Lastly, the LTLs saw severe weather interruptions to their entire networks in some instances, which should result in tonnage declines. In its mid-quarter update, Old Dominion Freight Line (NASDAQ: ODFL) said that tonnage was down 1.5 percent y/y through February, but that yields (revenue per hundredweight) had increased 9.6 percent y/y. SAIA (NASDAQ: SAIA) reported that tonnage was down 2.9 percent y/y in January and -3.2 percent y/y in February.
While FDX gave a less than inspiring earnings report last month warning of weaker global trade growth, its freight division (LTL) reported that shipments per day increased 5.6 percent y/y, which was partially offset by a 2 percent y/y decline in weight per shipment. Further, the company noted that revenue per hundredweight increased 6.6 percent y/y. The commentary from the LTLs this quarter will mostly focus on yield/price outlook and their ability to stay rate- disciplined moving forward.
The brighter side
The recent softness in freight fundamentals hasn’t spooked the markets. The S&P 500 is up 16 percent for the year, the railroad stocks are up 24.1 percent, TL stocks are up 15.3 percent, LTL stocks are up 16.8 percent (excluding the outsized gain of YRC Worldwide – NASDAQ: YRCW) and airfreight stocks are up 14.9 percent. Further, even with the recovery in the transportation stocks since the end of the year and the modest haircut to earnings estimates, the group isn’t trading beyond its historical averages.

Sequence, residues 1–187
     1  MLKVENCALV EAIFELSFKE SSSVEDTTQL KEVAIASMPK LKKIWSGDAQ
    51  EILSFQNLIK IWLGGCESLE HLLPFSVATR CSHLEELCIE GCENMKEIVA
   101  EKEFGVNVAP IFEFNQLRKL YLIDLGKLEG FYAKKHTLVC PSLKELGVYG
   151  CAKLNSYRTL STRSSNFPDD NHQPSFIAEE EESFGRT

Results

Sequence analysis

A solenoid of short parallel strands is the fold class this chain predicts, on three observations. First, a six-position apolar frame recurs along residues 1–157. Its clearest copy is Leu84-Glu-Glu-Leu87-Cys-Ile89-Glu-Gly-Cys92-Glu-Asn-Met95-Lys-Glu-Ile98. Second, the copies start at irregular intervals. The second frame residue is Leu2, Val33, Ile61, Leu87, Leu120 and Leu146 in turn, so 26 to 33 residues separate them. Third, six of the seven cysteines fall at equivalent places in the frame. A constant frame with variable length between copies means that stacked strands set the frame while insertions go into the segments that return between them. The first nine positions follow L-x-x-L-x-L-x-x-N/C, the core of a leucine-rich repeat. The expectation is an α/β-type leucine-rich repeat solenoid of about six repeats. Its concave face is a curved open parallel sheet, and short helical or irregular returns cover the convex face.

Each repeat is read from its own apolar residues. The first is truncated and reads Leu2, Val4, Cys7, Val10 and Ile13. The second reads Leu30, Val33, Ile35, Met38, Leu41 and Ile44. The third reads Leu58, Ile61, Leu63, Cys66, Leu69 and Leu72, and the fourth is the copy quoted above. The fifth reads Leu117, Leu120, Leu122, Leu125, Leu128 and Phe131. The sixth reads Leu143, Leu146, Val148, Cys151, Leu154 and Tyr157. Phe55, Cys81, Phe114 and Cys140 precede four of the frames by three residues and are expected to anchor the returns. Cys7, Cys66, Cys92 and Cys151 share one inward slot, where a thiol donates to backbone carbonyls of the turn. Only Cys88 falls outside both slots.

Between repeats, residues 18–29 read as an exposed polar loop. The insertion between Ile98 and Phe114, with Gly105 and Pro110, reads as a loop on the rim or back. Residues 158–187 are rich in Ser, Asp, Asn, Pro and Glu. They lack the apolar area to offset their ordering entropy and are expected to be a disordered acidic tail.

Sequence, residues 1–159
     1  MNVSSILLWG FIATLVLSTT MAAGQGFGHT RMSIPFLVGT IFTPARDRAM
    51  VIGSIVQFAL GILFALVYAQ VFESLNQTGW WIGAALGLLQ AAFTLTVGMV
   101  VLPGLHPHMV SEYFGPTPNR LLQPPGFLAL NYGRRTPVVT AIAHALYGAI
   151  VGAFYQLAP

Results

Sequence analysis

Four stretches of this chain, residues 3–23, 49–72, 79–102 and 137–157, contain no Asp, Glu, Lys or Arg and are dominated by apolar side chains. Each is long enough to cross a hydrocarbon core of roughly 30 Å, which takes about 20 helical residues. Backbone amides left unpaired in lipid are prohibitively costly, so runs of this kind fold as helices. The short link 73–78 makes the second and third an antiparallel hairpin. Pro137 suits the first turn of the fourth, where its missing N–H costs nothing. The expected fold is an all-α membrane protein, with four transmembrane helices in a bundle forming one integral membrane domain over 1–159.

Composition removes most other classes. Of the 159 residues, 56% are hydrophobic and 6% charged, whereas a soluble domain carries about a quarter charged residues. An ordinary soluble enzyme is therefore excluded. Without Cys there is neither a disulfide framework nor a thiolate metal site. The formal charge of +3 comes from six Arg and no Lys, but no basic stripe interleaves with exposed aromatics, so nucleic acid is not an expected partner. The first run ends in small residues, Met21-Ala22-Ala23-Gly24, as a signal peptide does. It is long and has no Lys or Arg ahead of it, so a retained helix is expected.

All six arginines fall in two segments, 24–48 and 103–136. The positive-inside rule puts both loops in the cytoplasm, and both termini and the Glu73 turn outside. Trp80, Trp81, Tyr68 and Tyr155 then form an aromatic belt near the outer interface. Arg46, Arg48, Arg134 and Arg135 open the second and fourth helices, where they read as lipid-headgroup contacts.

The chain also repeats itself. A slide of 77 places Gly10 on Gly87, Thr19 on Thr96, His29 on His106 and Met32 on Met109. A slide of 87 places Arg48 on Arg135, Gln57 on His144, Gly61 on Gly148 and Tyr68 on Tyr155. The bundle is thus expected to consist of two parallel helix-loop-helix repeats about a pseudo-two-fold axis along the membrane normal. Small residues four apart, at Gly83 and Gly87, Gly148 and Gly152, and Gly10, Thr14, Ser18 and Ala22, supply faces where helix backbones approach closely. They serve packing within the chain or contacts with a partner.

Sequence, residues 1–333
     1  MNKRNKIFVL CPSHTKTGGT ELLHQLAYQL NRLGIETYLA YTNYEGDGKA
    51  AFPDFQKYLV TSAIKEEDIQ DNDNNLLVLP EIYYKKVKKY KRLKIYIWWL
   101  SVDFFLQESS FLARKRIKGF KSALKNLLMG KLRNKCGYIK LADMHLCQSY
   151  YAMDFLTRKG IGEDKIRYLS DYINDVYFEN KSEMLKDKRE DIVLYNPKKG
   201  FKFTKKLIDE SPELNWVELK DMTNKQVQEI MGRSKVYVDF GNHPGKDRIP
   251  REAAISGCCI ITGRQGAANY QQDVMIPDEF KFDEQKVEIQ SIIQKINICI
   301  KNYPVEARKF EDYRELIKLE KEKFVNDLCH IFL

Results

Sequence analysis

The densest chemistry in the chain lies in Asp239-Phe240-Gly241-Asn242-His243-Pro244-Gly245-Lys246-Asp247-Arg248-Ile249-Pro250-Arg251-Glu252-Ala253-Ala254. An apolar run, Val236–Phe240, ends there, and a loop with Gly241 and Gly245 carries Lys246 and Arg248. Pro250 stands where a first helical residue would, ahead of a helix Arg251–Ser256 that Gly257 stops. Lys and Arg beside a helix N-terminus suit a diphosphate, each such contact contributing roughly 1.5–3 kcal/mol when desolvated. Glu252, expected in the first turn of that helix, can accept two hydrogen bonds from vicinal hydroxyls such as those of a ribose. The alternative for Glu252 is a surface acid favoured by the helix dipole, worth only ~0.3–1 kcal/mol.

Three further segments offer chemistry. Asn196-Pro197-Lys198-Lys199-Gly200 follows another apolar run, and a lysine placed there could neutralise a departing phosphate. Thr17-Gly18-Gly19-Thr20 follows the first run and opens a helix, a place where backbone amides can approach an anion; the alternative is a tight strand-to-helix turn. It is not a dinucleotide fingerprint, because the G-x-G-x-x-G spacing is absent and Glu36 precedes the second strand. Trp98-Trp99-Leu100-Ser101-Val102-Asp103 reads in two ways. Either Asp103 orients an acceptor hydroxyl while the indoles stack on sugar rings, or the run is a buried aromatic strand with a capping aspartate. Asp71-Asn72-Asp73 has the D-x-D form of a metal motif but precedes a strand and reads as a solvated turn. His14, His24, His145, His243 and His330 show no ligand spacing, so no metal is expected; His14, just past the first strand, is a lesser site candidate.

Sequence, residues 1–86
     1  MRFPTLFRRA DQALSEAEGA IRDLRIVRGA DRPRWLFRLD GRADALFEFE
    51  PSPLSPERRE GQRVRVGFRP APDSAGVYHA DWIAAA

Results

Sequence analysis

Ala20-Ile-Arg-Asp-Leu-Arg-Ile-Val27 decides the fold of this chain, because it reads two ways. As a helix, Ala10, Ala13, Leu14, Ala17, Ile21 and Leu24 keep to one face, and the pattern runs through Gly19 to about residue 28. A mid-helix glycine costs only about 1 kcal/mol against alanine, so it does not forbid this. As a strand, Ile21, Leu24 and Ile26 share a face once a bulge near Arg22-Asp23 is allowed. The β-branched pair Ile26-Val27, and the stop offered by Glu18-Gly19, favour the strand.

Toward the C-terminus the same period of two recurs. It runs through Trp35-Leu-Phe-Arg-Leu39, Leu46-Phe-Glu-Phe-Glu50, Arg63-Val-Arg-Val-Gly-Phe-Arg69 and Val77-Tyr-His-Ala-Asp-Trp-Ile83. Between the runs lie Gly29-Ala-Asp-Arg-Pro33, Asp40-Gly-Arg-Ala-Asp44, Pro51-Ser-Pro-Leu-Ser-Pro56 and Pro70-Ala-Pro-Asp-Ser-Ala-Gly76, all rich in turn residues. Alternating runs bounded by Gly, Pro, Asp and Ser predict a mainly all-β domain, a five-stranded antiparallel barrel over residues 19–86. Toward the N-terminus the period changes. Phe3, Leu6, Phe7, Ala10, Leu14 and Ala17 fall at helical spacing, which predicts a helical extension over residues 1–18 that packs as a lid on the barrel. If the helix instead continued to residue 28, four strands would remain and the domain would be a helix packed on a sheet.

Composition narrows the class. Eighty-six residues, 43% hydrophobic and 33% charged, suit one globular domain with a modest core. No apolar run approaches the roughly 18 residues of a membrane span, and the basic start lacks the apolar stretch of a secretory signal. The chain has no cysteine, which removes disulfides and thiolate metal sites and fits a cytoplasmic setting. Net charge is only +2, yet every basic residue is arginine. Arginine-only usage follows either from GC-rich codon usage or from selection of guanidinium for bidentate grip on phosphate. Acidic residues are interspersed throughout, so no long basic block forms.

Rails could be considered a little toppy at 18.4x and 16.3x 2019 and 2020 consensus estimates, respectively, but you would have to go back to mid-2016 to find them below that range. Top-line almost doesn’t matter with the rails as long as core pricing is positive, which it always is, and operating ratios improvements are on the table, which they always are – until they aren’t. The TLs are trading at 12.9x and 11.9x 2019 and 2020 consensus estimates (14.8x and 13.8x excluding a couple of the less expensive names), the LTLs are trading at 14.8x and 13.2x forward estimates and airfreight is 11.8x and 10.8x forward estimates. Again, draw your own conclusions as to valuation, but these multiples appear to be in-line with historical averages (S&P 500 Index trades at 17.5x and 16.5x forward estimates).
Pricing commentary should have a positive tone this earnings season, albeit tempered from the fourth quarter 2018 earnings season, as contractual pricing could continue to move higher.